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  Fulbright Has Lasting Effect on NSU Professor

Ageyi.jpgIn 2012, Dr. William K. A. Agyei was a recipient of the prestigious Fulbright Scholar award for the 2012-13 academic year, a distinction that he described as the pinnacle of his career. Beginning in August 2012, he spent roughly a year at the University of Botswana (UB) in Gaborone.

The most widely recognized and prestigious international exchange in the world, the Fulbright program actively seeks individuals of achievement and selects nominees through open merit-based competition.

“Dr. Agyei is the latest of several Norfolk State University professors to receive the Fulbright Scholar Award,” said Dr. Clarence D. Coleman, NSU vice provost, “which speaks highly for the outstanding professors we have at Norfolk State University.”

Located in Southern Africa, Botswana is the continent’s oldest democracy. The country transformed itself from one of the poorest in the world to a high middle-income country with diamond mining and cattle as its chief economic producers. However, Botswana has one of the world’s highest rates of HIV/AIDS infections and the U.S. has been helping in the efforts to combat the disease.

As a demographer, Dr. Agyei, a professor of sociology, was interested in studying non-HIV sexually transmitted infections within the population, teaching undergraduate and graduate population studies courses and creating connections between the University of Botswana and NSU. The undergraduate course, with an enrollment of 70 students, sought to equip them with the knowledge and skills to analyze and interpret population data as it pertains to fertility, mortality and migration and their results on population size, growth and structure. The graduate course focused on gender and gender roles in population development in the Third World.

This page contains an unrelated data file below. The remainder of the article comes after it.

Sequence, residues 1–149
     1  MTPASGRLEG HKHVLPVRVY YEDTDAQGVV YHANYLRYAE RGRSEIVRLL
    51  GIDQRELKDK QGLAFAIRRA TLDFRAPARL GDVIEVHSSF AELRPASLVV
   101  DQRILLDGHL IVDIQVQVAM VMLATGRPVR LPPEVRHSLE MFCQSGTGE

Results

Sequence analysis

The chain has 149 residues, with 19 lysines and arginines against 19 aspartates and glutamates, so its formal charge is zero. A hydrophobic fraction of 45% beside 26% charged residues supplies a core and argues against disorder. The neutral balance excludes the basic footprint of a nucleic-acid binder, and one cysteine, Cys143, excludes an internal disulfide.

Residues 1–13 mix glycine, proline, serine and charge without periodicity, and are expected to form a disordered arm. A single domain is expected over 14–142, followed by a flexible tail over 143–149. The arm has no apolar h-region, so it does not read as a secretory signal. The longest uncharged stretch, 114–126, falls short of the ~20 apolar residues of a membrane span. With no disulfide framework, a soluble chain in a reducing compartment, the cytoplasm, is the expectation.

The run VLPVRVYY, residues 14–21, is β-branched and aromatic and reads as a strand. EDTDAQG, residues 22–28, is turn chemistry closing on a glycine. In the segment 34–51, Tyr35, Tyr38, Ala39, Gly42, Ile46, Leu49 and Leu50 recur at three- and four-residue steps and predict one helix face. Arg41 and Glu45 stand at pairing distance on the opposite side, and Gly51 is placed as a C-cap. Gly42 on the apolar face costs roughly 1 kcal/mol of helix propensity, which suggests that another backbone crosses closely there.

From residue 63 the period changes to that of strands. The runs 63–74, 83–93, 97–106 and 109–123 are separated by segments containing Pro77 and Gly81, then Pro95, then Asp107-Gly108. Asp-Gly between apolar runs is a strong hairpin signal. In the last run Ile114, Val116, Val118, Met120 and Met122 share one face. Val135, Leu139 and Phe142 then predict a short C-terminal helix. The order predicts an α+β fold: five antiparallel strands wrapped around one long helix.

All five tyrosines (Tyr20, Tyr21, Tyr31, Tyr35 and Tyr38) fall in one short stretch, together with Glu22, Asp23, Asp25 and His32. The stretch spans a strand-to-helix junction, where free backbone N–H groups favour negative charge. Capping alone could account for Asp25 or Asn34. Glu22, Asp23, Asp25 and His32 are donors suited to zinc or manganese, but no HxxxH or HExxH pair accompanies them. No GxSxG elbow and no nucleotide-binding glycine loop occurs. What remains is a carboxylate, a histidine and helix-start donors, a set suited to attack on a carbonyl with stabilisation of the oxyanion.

His research on non-HIV sexually transmitted infections (STIs) focused on adolescents and young adults between 15 and 24 years old. “Non-HIV STIs are a serious public health problem in Sub-Saharan Africa,” said Dr. Agyei, “not only because they are widespread, but also because they may have delayed, long-term consequences, including infertility, blindness, infant illness and death, and increased susceptibility to HIV.” He expects to return to Botswana to present the study’s findings, but what he is most excited about is the impact of the study and the data collected. “The outcome of my research activities will benefit students and faculty at both my host institution and home institution,” he said, suggesting that it could lead to the writing of a grant to the Centers for Disease Control or the National Institutes of Health.

Once their grant period ends, Fulbrighters are expected to pass on what they learned and seek ongoing connections. To that end, Dr. Agyei is looking toward setting up an exchange program based on the students and UB officials expressing an interest in students either spending a semester or academic year at Norfolk State.

Dr. Agyei knows that his Fulbright experience will have a lasting effect on him. “My teaching and research activities here in the U.S. will be greatly impacted by experiences gained from the Fulbright Scholar program. I am grateful for the opportunity to serve as a Fulbright Scholar and represent NSU and my country in Botswana.”


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